All three types of tests can be evaluated locally with a point-of-care (POC) machine or sent to laboratory for processing (in-lab testing). POC tests are carried out in close proximity to a patient and typically take 5-15 minutes, but only one or a handful of samples can be processed at a time. Not all POC machines have the capability to communicate electronically to public health and other reporting systems. In-lab testing machines can process hundreds of samples at time and, with the right safeguards, can deliver results electronically to patients, providers and public health reporting systems. However, in-lab testing has built-in delays due to its batch testing nature and the time it can take to deliver samples to laboratories.

There are many opportunities for innovation in testing methods to improve upon the efficiency, specificity, and scalability of currently available tests. Having a good set of well performing tests for SARS-CoV-2 is very important, but we also need to be able to deliver the results of such tests accurately and quickly (electronically) to the responsible care providers and to public health authorities.

To facilitate electronic delivery of such content, NLM has long supported the development of formal health care terminologies including LOINC (Logical Observation Identifiers Names and Codes), RxNorm, along with SNOMED CT, and more recently, communication structures such as HL7 FHIR (R) . These capabilities are especially important during this time of COVID-19. In the last six months, the FDA has authorized more than 80 SARS-CoV-2 test products for emergency use, the CDC has defined a COVID-19 Case Report Form, and the Centers for Medicare & Medicaid Services has specified content that should accompany every SARS-CoV-2 test. NLM-supported LOINC codes have been defined for all of this content, as well as SNOMED CT codes for coded test values. The FDA, CDC, and industry have produced a compendium of the all SARS-CoV-2 tests and their standard codes. The use of standardized test codes for test results is essential to smooth delivery of test results into electronic health records and for the aggregation of test results for research and public health purposes.

Testing for COVID-19 is important, safe, and easy. Getting tested early and often and following best practices, such as wearing a mask, washing hands often, and limiting social contact will help get us back to normal.

Did you learn something new about testing methods? How else can NLM help support testing activities?

Clem McDonald, MD, is the Chief Health Data Standards Officer at NLM. In this role, he coordinates standards efforts across NLM and NIH, including the FHIR interoperability standard and vocabularies specific to clinical care (LOINC, SNOMED CT, and RxNorm). Dr. McDonald developed one of the nation’s first electronic medical record systems and the first community-wide clinical data repository, the Indiana Network for Patient Care. Dr. McDonald previously served 12 years as Director of the Lister Hill National Center for Biomedical Communications and as scientific director of its intramural research program.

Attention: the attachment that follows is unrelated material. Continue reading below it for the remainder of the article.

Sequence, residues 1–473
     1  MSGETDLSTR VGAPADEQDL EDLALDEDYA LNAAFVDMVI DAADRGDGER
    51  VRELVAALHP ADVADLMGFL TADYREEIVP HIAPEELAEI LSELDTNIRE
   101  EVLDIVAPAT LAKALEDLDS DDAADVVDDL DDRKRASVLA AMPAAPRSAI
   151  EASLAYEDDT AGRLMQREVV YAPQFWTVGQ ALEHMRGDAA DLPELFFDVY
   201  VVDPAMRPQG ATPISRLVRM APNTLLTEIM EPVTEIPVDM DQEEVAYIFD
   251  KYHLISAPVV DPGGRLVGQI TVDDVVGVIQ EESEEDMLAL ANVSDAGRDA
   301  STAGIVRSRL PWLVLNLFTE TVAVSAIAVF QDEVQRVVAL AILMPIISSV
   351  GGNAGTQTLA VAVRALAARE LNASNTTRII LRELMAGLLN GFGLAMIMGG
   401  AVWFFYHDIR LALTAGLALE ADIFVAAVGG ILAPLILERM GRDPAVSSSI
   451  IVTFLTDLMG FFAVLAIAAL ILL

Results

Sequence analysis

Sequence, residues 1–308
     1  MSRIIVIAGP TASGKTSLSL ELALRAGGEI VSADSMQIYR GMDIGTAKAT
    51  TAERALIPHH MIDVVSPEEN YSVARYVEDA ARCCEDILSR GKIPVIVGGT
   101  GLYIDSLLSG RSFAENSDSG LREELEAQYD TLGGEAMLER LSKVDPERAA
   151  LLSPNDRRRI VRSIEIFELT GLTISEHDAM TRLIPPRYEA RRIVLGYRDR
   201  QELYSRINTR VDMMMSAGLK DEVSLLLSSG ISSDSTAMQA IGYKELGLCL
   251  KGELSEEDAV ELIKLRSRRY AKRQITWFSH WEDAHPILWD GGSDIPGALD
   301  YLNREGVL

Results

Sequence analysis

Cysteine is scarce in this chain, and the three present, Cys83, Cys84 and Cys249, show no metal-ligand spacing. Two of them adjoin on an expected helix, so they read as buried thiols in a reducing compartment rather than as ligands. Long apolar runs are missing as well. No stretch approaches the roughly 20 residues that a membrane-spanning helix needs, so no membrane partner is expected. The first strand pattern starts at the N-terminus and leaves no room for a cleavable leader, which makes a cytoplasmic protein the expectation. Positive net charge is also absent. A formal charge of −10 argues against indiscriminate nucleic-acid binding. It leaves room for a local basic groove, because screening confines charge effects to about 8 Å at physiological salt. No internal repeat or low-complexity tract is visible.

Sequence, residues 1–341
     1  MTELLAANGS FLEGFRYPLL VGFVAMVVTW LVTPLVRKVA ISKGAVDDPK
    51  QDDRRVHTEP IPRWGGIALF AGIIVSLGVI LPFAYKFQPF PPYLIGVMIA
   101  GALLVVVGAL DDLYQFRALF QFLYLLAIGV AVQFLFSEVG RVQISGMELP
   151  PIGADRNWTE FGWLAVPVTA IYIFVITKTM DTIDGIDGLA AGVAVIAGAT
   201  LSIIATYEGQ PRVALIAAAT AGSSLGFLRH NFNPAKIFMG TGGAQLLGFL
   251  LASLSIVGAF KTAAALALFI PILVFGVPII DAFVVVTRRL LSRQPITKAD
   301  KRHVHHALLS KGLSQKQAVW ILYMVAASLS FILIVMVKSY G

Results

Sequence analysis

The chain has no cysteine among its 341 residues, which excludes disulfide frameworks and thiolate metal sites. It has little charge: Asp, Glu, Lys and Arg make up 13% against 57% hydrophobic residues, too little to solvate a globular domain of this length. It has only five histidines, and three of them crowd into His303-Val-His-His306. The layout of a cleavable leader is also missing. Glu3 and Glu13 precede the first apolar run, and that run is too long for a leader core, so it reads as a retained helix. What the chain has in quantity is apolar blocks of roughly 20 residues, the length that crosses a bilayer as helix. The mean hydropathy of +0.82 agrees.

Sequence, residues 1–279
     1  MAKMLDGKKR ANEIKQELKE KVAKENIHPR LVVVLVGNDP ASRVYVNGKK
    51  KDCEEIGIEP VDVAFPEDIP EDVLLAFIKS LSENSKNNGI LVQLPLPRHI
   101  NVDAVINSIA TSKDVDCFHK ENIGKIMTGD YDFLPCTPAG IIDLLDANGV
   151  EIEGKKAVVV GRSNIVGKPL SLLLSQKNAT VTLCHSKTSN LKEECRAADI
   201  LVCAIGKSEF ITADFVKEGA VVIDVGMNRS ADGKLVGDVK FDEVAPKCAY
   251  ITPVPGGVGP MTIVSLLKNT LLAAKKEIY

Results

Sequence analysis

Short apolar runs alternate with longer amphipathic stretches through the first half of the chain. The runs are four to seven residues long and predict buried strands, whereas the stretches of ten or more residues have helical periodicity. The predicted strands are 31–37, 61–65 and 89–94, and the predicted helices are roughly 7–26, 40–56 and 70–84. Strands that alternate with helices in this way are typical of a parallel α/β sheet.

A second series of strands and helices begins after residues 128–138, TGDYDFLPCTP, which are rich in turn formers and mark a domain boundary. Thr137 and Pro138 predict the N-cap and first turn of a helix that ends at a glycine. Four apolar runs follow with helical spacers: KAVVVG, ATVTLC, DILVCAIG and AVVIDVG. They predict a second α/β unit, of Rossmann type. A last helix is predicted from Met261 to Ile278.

Monitoring of emergent strains

The mutations that accumulate in the SARS-CoV-2 genome can alter the viral phenotype and confer a selective advantage that gives rise to new strains. Genomic epidemiology showed that one strain, distinguished by a non-synonymous D614G mutation in the spike protein, first emerged in Europe before expanding to become the predominant strain worldwide 79 owing to a selective fitness advantage conferred by the mutation that increased viral transmissibility 80 .

The integration of genome sequencing within population-scale testing can enable monitoring of the viral strains circulating within a population. Numerous countries have mandated that a proportion of positive samples is subjected to whole-genome sequencing, thereby providing ongoing surveillance of emerging and circulating variants. This sequencing information can identify emergent SARS-CoV-2 variants with differing transmission or pathogenicity, with resistance to antiviral treatment or that are at risk of vaccine escape 81 . In late December 2020, a new SARS-CoV-2 strain known as B.1.1.7 rapidly increased in prevalence throughout the UK, apparently outcompeting existing variants and prompting the rapid imposition of restrictions on travel to other countries 82 . Additional variants that might increase transmissibility and pathogenicity or reduce the efficacy of vaccines have similarly arisen in South Africa (B.1.351) 83 and Brazil (P.1) 84 . As the effect of these variants on the viral phenotype has become apparent, authorities have recognized that global testing will be increasingly needed to monitor the emergence and circulation of new variant SARS-CoV-2 strains.